‘Paying to be discriminated against’

in the Guardian: Paying to be discriminated against

Religious people already have a huge concession in that civil partnerships can’t be performed in churches. It is unjust and unfair then that religious people now seek to colonise civil and secular spaces like council offices or magistrates courts demanding religious exemptions. The point of state-run facilities are that any citizen can make use of them and expect equal treatment and service. These are all taxpayer funded services – so, in effect, non-believers and gay people are paying to be discriminated against. If religious officiants who are willing to perform ceremonies for gay and lesbian couples are not allowed by law to opt in, in why should secular registrars be allowed to opt out?
People are rightly protected from being discriminated against because of their religion, but the spirit of this law should not be perverted to allow religious people license to discriminate against others on the basis of their religious belief. Equality legislation is already undermined by numerous exemptions, practically all of them concessions to the religious.

We should be aware that the people behind this push to religionise our society are not the regular church-goers who generally wouldn’t dream of behaving in this bigoted way. It is a small group of determined zealots who will not stop until we’re all subject to their version of “religious freedom” (which seems to mean freedom for them, and restrictions for others). Often behind these apparently vulnerable individuals there stands a highly organised and well-funded pressure group.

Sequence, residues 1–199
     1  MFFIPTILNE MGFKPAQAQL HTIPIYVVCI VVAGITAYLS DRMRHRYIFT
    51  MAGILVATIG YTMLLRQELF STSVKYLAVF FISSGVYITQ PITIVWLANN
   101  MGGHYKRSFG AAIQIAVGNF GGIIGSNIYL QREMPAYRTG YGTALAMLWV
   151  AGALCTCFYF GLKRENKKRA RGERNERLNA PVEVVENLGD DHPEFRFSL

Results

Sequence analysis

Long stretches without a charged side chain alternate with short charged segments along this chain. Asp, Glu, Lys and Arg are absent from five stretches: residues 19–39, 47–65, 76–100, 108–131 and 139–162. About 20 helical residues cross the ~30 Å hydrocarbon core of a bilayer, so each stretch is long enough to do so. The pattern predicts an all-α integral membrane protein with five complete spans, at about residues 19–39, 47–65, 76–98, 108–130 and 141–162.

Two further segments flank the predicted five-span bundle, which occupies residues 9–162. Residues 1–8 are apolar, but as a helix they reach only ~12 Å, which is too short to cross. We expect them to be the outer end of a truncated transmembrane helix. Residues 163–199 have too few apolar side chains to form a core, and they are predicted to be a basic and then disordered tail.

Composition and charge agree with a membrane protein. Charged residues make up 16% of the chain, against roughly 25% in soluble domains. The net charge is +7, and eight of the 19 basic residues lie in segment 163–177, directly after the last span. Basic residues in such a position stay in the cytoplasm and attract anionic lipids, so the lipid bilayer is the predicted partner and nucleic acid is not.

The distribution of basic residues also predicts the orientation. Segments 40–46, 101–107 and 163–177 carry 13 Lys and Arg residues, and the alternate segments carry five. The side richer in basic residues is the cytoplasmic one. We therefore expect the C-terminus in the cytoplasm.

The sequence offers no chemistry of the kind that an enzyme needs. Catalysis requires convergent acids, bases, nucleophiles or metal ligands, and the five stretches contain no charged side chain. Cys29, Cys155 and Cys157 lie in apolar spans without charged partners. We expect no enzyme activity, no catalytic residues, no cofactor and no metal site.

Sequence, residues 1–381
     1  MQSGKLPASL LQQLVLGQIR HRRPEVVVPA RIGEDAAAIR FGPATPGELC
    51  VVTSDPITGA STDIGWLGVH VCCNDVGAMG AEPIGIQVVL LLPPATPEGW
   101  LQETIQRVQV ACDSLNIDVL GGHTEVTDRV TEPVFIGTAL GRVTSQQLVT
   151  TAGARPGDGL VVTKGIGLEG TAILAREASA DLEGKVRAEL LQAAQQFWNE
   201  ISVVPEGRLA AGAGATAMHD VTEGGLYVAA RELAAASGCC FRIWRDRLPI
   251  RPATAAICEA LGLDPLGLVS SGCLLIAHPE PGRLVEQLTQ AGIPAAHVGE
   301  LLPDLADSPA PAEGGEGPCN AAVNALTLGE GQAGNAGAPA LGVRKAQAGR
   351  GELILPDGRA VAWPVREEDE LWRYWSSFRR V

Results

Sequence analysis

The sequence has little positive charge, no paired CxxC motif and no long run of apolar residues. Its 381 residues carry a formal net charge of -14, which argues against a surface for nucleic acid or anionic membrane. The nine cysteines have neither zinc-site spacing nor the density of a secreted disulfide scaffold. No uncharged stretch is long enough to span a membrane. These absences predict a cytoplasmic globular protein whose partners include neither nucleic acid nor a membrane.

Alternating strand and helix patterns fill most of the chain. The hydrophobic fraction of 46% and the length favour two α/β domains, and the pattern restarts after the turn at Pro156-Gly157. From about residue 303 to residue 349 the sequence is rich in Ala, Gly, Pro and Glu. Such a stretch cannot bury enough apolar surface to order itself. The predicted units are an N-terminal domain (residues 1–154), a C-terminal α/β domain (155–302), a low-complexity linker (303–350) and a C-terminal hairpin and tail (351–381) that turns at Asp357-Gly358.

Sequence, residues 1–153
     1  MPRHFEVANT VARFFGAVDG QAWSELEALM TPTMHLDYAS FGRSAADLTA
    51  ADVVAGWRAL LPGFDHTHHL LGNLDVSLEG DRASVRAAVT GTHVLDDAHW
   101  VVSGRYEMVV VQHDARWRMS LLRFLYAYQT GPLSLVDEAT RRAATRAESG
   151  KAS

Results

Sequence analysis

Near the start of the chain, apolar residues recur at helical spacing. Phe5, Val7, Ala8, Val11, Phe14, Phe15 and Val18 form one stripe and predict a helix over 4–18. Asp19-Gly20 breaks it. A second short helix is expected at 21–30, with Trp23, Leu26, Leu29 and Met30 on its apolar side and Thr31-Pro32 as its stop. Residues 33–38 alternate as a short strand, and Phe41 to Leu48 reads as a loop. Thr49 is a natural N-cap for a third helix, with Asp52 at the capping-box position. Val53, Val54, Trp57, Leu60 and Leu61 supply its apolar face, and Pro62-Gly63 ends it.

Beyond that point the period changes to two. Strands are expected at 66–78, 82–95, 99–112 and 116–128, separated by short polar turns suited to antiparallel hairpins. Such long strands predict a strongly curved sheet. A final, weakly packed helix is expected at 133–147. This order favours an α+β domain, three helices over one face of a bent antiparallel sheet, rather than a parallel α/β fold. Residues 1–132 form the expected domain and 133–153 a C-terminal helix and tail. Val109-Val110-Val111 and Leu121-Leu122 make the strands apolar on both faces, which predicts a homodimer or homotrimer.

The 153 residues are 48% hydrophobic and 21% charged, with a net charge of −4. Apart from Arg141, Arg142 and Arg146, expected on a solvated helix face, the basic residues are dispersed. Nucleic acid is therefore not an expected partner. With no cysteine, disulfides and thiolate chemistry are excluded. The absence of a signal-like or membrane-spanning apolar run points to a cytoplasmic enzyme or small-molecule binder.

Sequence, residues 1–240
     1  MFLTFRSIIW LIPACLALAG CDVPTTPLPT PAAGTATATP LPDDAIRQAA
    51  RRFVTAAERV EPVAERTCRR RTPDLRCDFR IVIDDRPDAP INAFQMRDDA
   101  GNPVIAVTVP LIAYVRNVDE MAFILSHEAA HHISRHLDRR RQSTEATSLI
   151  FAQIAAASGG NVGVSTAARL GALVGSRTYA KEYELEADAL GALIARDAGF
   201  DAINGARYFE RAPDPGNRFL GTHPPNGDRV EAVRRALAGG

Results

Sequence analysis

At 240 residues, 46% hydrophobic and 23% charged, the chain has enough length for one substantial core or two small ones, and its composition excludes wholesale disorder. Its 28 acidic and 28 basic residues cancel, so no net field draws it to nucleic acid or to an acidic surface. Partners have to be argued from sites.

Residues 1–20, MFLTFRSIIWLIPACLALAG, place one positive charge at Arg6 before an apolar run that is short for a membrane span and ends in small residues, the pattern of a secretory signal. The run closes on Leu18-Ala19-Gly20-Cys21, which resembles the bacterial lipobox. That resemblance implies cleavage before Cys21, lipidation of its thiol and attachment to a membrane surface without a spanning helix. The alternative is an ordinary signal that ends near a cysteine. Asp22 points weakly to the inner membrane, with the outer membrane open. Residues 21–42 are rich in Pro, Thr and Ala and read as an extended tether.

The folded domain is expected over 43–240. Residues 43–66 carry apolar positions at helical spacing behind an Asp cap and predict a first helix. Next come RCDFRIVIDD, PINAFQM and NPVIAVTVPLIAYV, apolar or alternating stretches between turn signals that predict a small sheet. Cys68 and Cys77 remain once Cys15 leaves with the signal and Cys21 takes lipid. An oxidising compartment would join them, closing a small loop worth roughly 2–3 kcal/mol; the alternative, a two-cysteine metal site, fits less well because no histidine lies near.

More background at the BBC.

Go Desmond Tutu!

BBC: Tutu chides Church for gay stance

South African Archbishop Desmond Tutu has criticised the Anglican Church and its leadership for its attitudes towards homosexuality.
In an interview with BBC Radio 4, he said the Archbishop of Canterbury, Dr Rowan Williams, had failed to demonstrate that God is “welcoming”.
He also repeated accusations that the Church was “obsessed” with the issue of gay priests.
He said it should rather be focusing on global problems such as Aids.

BBC: Plans to outlaw inciting gay hate

Plans to make inciting hatred against gay people a crime have been announced by Justice Secretary Jack Straw.
The law would cover gay, lesbian and bisexual people and may be extended to cover disabled and transgender people.
Mr Straw said it was time for the law to recognise society was “appalled by hatred and invective” directed at people because of their sexuality.

Worth reading:
Globalising the fight for sexuality rights

Unfortunately in many parts of the world the decriminalisation domino hasn’t fallen. In fact, in more than 70 countries homosexuality remains illegal. This consigns the vast majority of the world’s gay men and lesbians to a life of criminality over which the have no choice. In twelve of these countries homosexuality is punishable by death.
The temptation to believe that such laws are relics of a bygone past and aren’t enforced was sadly dispelled with the public hanging in 2005 of two Iranian teenagers sentenced under Sharia law for the ‘crime’ of homosexuality.
Elsewhere the use of anti-gay laws to intimidate and silence lesbian, gay, bisexual and transgender people is alive and well.

Gay marriage might be 600 years old

“Civil unions between male couples existed around 600 years ago in medieval Europe, a historian now says.
Historical evidence, including legal documents and gravesites, can be interpreted as supporting the prevalence of homosexual relationships hundreds of years ago, said Allan Tulchin of Shippensburg University in Pennsylvania.
If accurate, the results indicate socially sanctioned same-sex unions are nothing new, nor were they taboo in the past.”